Yup. Leading order behaviour of QED.
  19. May 21, 2013 #18


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    There is one important difference between incompleteness of Newtonian mechanics (NM) and incompleteness of quantum mechanics (QM).

    We know that NM is incomplete because there are EXPERIMENTS which demonstrate so. But there is nothing in the Newtonian THEORY itself suggesting that it should be incomplete on the basis of internal theoretical inconsistencies.

    The situation with QM is exactly the opposite. There no experiments demonstrating incompleteness of QM. But there are serious theoretical arguments suggesting that something important must be missing in the standard version of quantum theory.
  20. May 21, 2013 #19
    No, they make a specific claim about *all* axiomatic systems which logically include a minimal basis for arithmetic. Any axiomatic system which contains a certain amount of arithmetic is subject to Godel's theorems. The mathematical systems employed by physicists certainly include this minimal base and any axiomatisation of the mathematical systems physicists use will be subject to Godel's theorems.

    Having said that, I agree that Godel's incompleteness theorem has zilch to do with alleged quantum incompleteness.

    I also agree that it's an interesting to ask: what is the weakest mathematical theory needed to `do' physics -- perhaps the systems that are actually used -- which include arithmetic, include calculus, include theories or real numbers -- go too far. But if we want to at least leave it open that spacetime is continuous, or even just that the potential positions of an object have the structure of the reals, it's going to be hard to avoid systems subject to Godel's theorem.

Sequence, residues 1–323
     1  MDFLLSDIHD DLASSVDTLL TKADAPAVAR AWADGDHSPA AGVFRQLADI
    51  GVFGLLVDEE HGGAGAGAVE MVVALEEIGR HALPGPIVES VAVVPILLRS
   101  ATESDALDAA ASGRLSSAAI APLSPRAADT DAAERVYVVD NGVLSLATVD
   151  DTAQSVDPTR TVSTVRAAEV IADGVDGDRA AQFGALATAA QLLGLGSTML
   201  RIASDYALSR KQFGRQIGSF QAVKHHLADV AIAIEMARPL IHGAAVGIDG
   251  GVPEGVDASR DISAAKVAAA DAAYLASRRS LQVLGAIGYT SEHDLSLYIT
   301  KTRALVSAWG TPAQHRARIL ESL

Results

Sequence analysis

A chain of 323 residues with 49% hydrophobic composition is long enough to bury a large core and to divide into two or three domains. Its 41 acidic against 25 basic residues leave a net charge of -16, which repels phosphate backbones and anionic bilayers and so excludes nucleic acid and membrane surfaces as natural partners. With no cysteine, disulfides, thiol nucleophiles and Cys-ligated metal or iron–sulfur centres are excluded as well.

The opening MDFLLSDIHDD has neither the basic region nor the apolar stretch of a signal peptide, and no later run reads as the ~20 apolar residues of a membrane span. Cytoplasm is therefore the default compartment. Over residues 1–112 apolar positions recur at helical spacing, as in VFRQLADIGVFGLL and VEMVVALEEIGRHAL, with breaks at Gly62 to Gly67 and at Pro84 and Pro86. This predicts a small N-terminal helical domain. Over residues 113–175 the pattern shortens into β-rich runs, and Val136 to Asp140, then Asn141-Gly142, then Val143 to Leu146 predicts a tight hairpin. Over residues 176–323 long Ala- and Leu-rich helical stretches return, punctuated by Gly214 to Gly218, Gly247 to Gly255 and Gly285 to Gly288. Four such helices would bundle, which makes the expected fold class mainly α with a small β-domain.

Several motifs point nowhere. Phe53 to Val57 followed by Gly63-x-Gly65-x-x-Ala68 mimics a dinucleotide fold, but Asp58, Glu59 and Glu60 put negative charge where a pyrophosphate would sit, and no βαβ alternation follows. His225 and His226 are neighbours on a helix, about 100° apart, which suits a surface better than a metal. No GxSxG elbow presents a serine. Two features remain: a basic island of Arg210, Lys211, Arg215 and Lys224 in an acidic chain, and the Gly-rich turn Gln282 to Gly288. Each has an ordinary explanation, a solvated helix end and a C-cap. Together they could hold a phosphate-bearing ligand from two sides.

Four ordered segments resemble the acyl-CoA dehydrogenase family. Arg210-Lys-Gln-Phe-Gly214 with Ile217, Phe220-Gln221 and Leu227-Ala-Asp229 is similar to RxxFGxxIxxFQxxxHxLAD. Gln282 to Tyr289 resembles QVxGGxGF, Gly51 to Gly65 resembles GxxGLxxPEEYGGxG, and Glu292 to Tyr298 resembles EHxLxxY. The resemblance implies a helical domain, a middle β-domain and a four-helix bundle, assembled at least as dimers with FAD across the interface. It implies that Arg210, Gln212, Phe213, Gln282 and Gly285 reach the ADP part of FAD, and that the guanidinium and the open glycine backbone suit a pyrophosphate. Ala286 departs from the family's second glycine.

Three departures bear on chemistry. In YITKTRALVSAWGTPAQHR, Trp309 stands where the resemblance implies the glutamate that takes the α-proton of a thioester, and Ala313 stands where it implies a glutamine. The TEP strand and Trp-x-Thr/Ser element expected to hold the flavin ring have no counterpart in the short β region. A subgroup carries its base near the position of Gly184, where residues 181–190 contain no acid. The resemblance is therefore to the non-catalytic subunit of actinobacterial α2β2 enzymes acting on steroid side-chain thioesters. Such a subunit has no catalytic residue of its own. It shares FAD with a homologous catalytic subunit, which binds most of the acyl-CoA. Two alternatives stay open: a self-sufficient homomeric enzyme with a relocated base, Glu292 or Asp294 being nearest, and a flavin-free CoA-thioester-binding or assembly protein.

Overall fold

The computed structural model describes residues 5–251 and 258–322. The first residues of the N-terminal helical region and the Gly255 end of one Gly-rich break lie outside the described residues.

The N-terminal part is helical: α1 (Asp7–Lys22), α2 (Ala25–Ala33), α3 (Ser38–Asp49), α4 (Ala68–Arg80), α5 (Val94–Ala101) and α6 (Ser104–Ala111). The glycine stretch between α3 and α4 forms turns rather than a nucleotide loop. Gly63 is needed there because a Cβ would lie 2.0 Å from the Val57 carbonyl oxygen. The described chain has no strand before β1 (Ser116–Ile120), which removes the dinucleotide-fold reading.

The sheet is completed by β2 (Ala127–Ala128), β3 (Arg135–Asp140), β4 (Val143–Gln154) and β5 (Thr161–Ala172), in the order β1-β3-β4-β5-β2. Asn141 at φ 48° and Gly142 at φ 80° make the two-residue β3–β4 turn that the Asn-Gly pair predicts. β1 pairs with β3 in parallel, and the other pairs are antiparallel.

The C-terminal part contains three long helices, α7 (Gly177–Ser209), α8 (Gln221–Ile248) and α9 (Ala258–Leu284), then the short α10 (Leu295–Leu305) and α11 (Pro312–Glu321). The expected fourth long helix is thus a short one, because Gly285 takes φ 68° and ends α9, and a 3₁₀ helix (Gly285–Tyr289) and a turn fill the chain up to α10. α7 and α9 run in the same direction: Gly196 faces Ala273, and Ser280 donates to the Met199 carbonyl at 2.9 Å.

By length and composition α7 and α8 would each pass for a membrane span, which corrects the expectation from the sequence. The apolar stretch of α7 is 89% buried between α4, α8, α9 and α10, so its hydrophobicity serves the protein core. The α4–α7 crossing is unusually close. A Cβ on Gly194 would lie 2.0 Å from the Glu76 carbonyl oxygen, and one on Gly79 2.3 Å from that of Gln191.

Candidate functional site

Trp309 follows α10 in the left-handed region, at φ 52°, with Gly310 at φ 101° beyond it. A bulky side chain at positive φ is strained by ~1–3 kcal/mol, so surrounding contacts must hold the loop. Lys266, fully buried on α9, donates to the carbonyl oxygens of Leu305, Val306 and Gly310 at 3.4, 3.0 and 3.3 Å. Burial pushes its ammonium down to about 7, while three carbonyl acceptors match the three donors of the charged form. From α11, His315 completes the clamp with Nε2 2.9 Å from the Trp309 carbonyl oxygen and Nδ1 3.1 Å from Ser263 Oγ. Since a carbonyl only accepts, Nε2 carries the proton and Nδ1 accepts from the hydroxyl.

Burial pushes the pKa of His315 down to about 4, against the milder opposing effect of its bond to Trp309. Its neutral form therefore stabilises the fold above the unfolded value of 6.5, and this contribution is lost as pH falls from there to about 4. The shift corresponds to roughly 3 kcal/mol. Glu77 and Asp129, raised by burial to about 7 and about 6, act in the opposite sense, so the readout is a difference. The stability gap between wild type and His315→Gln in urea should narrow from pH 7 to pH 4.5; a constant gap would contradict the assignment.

21. May 21, 2013 #20
    That is the exact same as what I said. If a system includes a minimal basis for arithmetic then it describes the properties of the natural numbers. You're being unnecessarily argumentative.

    In any case, I recall Hawking talking about the Gödel angle once. As I understood it, his position was that since number theoretic statements can be well-formed in the mathematical language of physics, incompleteness is inevitable. That's fine, but—I think—entirely uninteresting. If you're going to include mathematical theorems in the scope of your "Theory of Everything" then I think it's an abuse of what physicists mean by the term. If someone wants to say, "Quantum mechanics will never be complete because physics is phrased in terms of mathematical frameworks which are subject to the incompleteness theorems," then they are (trivially) correct. That is completely different from suggesting that the theorems are relevant for whether or not a single mathematical framework describing the four fundamental forces is possible. That would, as I said, require there to be actual physical analogues of number theoretic statements. That, I think, is nonsense.